I decided to line the skirt to make it easier to wear over leggings. I neglected to trace back in the side pocket cutouts on the front skirt piece though, oops! It ended up working out just fine. I attached the lining to the skirt front at the top and sides through the pockets, then stitched the sides of the lining separate from the sides of the skirt from the pockets to the hemline. I also shortened the lining about 1″ from the exterior skirt hemline.

Here is an inside view of the skirt lining and the pockets.

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The other adjustments I made were to insert an invisible zipper (good thing since I had to let out the back about 1/2″ on each side) and putting an hook and eye in the top. I plan to add belt loops later but may leave it as is.

And more pics!

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Pockets!!!!

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Back view. Back seam is almost invisible, :).

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Butterick 6143 Version C

I’ve had Butterick 6143 for awhile and finally decided what to make it with! I made my Vogue Cape a few years ago (details here) but I just never wore it. The 100% super soft amazing quality wool I had used was too good to let waste away, so I took several days to tediously unpick all of the panels, iron them, and strategically place all of my pattern pieces to make my Butterick coat!

Here is the before pic of the cloak and the after of my coat, :).

It took a bit, but I managed to eke out just enough to make the coat minus the front facings and collar, so I decided to make those with faux fur. Luckily I rarely throw scrap fabric away and still had a nice bit of the wool left uncut, :).

Overall the coat construction went smoothly and pretty easy. Made a mock up first, highly recommend! I ended up taking the shoulder seams in about an inch on both sides and down the back.

I also didn’t have quite enough fabric for the one piece sleeves so I re-drafted them into 2 piece sleeves using Thread’s tutorial on converting symmetrical sleeves. Worked out perfect! Because I interlined the entire coat with Thinsulate I only used a 1/2″ seam on the sleeve portions.

Look at those sleeve lines, so nice!

Speaking of interlining, it took forever! But worth it for the extra warmth. I sewed each piece onto the outer coat pieces though it is recommended to sew them onto the lining pieces. So I had to deal with some fuzzies. Per the instructions I put the quilted side facing the outside. Then the lining was Bemberg rayon and the faux fur is from Jo-Ann’s. I got wolf, so soft!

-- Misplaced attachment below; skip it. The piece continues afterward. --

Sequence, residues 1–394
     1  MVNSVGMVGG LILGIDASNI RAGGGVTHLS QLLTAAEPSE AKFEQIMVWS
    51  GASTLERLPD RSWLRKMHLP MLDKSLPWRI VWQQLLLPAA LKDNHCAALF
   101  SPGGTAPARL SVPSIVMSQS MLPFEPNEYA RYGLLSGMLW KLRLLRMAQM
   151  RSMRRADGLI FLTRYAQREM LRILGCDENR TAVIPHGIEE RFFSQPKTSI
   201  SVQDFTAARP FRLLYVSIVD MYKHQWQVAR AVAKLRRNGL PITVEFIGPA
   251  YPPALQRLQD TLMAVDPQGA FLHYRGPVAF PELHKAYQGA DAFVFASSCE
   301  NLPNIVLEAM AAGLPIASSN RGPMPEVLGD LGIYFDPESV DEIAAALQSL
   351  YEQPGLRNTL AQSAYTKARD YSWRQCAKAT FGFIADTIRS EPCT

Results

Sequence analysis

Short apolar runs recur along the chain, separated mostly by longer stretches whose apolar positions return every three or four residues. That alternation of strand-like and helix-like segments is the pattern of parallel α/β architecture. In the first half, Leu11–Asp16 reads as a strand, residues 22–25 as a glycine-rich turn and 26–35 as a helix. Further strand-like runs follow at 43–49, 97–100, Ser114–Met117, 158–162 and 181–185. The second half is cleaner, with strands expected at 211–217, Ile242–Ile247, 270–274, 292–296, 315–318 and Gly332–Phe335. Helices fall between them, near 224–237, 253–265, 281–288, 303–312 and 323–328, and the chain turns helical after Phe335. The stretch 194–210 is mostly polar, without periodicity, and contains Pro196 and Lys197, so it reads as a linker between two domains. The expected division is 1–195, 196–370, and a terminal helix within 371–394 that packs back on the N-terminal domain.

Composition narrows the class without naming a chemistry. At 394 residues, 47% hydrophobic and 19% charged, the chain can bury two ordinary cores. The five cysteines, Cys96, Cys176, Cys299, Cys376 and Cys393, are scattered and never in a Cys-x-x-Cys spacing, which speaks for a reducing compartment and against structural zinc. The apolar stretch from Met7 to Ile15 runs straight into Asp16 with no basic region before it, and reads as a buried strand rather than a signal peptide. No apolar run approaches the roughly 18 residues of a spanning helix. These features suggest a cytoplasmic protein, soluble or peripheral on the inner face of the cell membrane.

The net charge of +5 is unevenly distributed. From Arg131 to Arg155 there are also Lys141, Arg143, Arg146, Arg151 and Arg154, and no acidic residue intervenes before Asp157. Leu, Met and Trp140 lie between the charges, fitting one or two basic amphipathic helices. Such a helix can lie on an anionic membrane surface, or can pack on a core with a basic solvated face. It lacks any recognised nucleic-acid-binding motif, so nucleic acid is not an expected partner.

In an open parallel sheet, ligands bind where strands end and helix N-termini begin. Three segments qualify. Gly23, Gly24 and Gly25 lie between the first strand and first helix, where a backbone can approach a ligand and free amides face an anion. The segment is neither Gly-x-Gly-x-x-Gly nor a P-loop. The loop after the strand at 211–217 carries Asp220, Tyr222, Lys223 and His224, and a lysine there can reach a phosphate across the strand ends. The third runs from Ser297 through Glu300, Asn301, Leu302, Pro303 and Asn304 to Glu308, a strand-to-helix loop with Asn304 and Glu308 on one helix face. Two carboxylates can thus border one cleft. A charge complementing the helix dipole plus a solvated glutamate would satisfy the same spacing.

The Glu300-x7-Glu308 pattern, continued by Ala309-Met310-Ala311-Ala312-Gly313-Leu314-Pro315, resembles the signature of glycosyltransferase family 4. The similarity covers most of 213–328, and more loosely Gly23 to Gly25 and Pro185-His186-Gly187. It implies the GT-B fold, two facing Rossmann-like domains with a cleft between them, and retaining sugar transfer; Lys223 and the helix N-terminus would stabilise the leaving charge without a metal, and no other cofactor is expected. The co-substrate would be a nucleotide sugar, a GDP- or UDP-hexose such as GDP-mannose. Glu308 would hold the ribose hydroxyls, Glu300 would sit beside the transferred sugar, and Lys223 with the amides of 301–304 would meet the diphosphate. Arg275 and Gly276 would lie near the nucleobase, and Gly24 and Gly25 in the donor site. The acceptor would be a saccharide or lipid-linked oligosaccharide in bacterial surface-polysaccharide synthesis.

Next up: the faux fur… overall not too bad until I got to the button holes. I cut it very carefully to prevent fuzz flying everywhere. My machine did well until the button holes. It struggled big time even after trimming down the fur around. One worked well, the other 2 on the front facing portion not so much. Took me THREE hours of unpicking and finally breaking down and making the holes myself without my auto one step.

A pic of the one button hole that looked good that the machine worked for. You can also see some blue ribbon on the side. To tame down the fur I trimmed it down and then put a ribbon over it to look nice and be functional.


As for attaching the lining to the outer shell I followed the directions but edge stitched the entire outline as well so everything would lay nice and flat. As for sizing, I made a 16 with the D cup pieces. My measurements are 41-31-41. Usually I have to do a FBA but not for this coat. And roomy enough for a light weight sweater underneath, :).

And voila, a gorgeous fall coat! LOVE the color and faux fur accent. The gold buttons were gifted to me.



And a pic of the insides. I really need to make some tags to put in my handmade items. I used Bemberg rayon lining.

PUG Alison and Jalie 2796

I made my own sports bra!!! And it fits pretty well, :). So tired of spending so much in sports bras from the store so I’m pretty excited, :).

The sports bra pattern is Pinup Girls Alison. It’s a front close sports bra which is awesome, no wrangling it over my head.

The actual construction is pretty simple and easy. Only adjustments I made were to take in the sides about 1/2″ on each side and use a 1″ wide elastic for the band since I didn’t have any 1.5″ wide on hand. The wickable black exterior fabric and pre-molded bra cups I got from Bra Makers Supply.

Overall I really like how it turned out and fits. Next time I would make the arm holes a bit larger as they are a bit tight. Next time I am going to try Green Style Creations Endurance Bra once I get my supplies.

The Jalie running skirt was also pretty straight forward as this is my 3rd make, first one not adding my customized back skirt pleats. I like to add a 2″ wide elastic to the waistband and hemmed everything 3/8″ instead of 3/4″. The fabric is this amazing wickable Under Armour brand from our local sewing store.

I’ve run 6 miles in both of these and they are pretty great. The shorts didn’t ride up at all and the sports bra delivered minimal bounce.